And They Built A Crooked House, by Ruth S. Martin


Decision: The Most Unfair Civil Court Decision in the History of Cleveland

The carpenter should measure for 'level'
-- the architect should design for 'level.'
From the Judge's written Opinion
For several weeks after the trial ended there was no word from the Judge. Larry called Melissa on Monday, November 7. What's happening? Nothing, she said. She and Tom had talked briefly with the Judge while arguing another case in his courtroom. He acknowledged our case but gave no clue as to when his decision would be ready. Is this unusual, to take so long for a decision? Melissa was also surprised by the Judge's delay, though she knew of "really unreasonable delays" with other judges. She expected we would hear soon, but did not guess when.

Another week went by and still no response. We placed another call to Tom on November 16th. Yes, he agreed, this is unusual. He offered two possible explanations. Perhaps there is a delay in the Justice Center's typing pool. Or perhaps the Judge is having difficulty with the tort argument, and is waiting on the decision from another case in progress. Extreme delay was not unheard of, but was also not typical of this judge. Tom really didn't know what was taking so long, but would call us as soon as he heard anything. "You'll be the second to know," he said.

We had suffered delay after delay, but this was one we never expected. We had always thought that you have a trial and then a decision. Either the Judge was stymied by the complexities of the case and was doing his best to render a fair decision, or he was just procrastinating. Either way there was nothing we could do but wait. Tom finally called on December 1, 38 days after the trial ended. "I just received the Judge's decision," he said. "It's a partial victory." Just what we were afraid of.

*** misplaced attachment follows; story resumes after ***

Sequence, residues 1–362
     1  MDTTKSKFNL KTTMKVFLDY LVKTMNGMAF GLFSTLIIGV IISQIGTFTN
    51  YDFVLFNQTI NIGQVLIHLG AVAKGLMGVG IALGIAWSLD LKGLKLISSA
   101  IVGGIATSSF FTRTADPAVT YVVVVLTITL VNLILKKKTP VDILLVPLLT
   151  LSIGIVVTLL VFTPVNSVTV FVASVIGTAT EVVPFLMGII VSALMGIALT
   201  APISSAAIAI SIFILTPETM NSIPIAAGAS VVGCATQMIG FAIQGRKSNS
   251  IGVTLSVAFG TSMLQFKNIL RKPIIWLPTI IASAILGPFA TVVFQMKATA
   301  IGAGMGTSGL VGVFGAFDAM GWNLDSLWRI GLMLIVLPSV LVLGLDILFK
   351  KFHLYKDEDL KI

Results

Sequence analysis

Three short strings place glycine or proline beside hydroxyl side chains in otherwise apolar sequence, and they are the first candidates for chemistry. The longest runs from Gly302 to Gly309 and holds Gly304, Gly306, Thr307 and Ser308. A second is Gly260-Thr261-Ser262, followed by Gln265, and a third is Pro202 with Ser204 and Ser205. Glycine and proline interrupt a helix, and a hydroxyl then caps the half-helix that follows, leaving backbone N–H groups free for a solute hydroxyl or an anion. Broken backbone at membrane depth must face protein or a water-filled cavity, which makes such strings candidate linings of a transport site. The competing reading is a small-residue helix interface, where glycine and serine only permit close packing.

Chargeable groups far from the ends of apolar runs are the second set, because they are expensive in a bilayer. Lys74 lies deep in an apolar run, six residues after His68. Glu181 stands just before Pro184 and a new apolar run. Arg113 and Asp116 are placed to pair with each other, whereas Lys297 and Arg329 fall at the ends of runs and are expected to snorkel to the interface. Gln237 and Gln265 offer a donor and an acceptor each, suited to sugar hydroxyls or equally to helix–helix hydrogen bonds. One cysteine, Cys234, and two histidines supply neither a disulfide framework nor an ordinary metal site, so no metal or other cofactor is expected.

* * *

CASE NO. 133316
[legal term for recision]

The testimony of the defendants' experts, at best, state that the problems on this house are "not insurmountable" and that even after literally "picking up" nearly every wall in the house that they could "...not guarantee they could fix it..." The evidence will show that the following list of problems must be corrected in order to place [our home] in the first quality condition required by the contract. The problems which must be corrected cannot possibly be characterized as anything other than material breaches. They are:

To jack all rooms
To jack basement
To dig 2 footers for basement columns
To install footers around basement stairs
To install unsightly newell post in foyer or, alternatively, to double header
To rip floors in second floor to double joists, or alternatively, rip off walls to install plywood bracing
To remove and refloor laundry room
To pull out and build properly a significant portion of the master bath
To pull out and reinstall dining room walls
To patch, sand, tape, spackle virtually every room in the house resulting from jacking operation
To repaint all of the rooms
To apply leveling compound on floors that were not leveled by jacking

This list is incomplete. The record is replete from numerous experts concerning the various problems that could be sustained to try to restore this house to a "first class, quality structure." One should understand that even these experts, with all the remedies they discuss, "could not guarantee" a solution to the problem. If the best of all the remedies were completed, the plaintiff still, if they were to attempt to sell the house, would be buying (or selling) a lawsuit from the new purchasers.

The time and cost to repair is enormous in light of the price paid and the guarantees made. The court orders rescission in the amount of $307,350 for the purchase price plus $42,218 for improvements for a total of $349,568. The Court orders that plaintiff submit a warranty deed to Defendant Jacob Cooper for the premises in question here. The Court orders that Defendant Jacob Cooper and Cooper Construction Builders & Developers refund the plaintiff $349,568 as rescission for the material breach of the contract between the parties.